• Be innovative in your recruiting – many of the traditional approaches like large job boards, corporate websites, and newspaper ads used by corporations are expensive, and most of them simply don’t work. If you expect to recruit innovators to your firm, be aware that innovators will quickly discount your firm if they fail to see any innovation in the way that you recruit. Innovation in recruiting makes your firm stand out and get noticed in the media and the blogosphere.
  • Recruiting interns is critical – interns are an inexpensive (and sometimes free) form of labor who bring excitement and energy to the firm. Even though interns may require training before they add much value, their energy and their willingness to do almost anything makes them essential. Interns can also be asked to serve as “on-campus ambassadors” when they are attending classes. Use the social media networks and referrals from your current interns to identify the very best who they know for additional internship openings. Also use grad assistants at local universities to help find top intern talent. Offering virtual projects to interns may also provide an avenue to get top students who don’t live in the area.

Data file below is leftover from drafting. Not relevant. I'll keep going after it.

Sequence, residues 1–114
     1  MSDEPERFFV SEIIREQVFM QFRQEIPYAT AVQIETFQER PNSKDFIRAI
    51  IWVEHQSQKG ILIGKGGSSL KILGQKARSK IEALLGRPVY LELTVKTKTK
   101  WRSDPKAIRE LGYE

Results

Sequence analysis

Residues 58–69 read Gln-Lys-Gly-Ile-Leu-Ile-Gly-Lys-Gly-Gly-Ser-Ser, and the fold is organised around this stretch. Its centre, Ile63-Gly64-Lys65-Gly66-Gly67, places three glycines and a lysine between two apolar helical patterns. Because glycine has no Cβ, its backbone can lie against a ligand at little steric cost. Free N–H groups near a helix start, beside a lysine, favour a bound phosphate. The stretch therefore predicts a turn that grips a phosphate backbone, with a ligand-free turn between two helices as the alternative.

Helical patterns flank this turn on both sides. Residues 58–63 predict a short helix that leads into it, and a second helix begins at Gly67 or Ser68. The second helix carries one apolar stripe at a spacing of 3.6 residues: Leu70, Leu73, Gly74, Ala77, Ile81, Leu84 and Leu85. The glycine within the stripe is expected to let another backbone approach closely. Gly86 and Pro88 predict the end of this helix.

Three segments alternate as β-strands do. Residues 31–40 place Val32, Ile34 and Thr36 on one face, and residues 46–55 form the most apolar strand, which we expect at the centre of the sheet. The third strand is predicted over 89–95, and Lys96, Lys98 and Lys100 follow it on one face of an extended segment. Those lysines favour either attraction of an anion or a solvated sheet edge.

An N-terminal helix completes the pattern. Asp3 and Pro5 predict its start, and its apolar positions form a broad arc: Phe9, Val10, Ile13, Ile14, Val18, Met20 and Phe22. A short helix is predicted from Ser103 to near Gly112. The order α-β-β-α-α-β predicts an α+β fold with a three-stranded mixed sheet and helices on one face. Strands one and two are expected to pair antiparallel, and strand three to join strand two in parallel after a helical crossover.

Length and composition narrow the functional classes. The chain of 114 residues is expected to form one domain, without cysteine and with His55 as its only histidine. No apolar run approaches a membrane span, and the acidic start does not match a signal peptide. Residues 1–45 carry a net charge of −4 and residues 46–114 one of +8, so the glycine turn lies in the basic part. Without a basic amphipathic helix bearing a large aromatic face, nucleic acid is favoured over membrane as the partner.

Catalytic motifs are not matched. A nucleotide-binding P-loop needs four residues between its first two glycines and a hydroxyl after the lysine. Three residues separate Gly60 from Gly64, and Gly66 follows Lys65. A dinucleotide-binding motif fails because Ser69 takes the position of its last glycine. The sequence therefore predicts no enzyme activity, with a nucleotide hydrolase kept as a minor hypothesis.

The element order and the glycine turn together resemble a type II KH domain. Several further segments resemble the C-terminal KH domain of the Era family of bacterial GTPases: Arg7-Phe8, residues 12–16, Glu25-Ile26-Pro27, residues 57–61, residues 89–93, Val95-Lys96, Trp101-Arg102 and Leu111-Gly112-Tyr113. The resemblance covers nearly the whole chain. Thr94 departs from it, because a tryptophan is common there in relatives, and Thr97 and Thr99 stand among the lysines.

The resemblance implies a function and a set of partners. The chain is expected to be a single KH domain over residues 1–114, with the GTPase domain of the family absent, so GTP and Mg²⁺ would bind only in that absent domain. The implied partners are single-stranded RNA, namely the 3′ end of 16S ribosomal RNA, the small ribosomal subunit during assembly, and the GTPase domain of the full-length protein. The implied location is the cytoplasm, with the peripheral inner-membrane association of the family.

• Use a hiring team – in a small organization, many of your team leaders may be weak recruiters, and there may only be a handful of people within the startup who are really good at recruiting and selling candidates. As a result, it is usually best to put together a hiring team that does all of the hiring. This is because when you use a hiring team, the individuals on it are more likely to be knowledgeable and up to date on the best recruiting practices and what it takes to land candidates.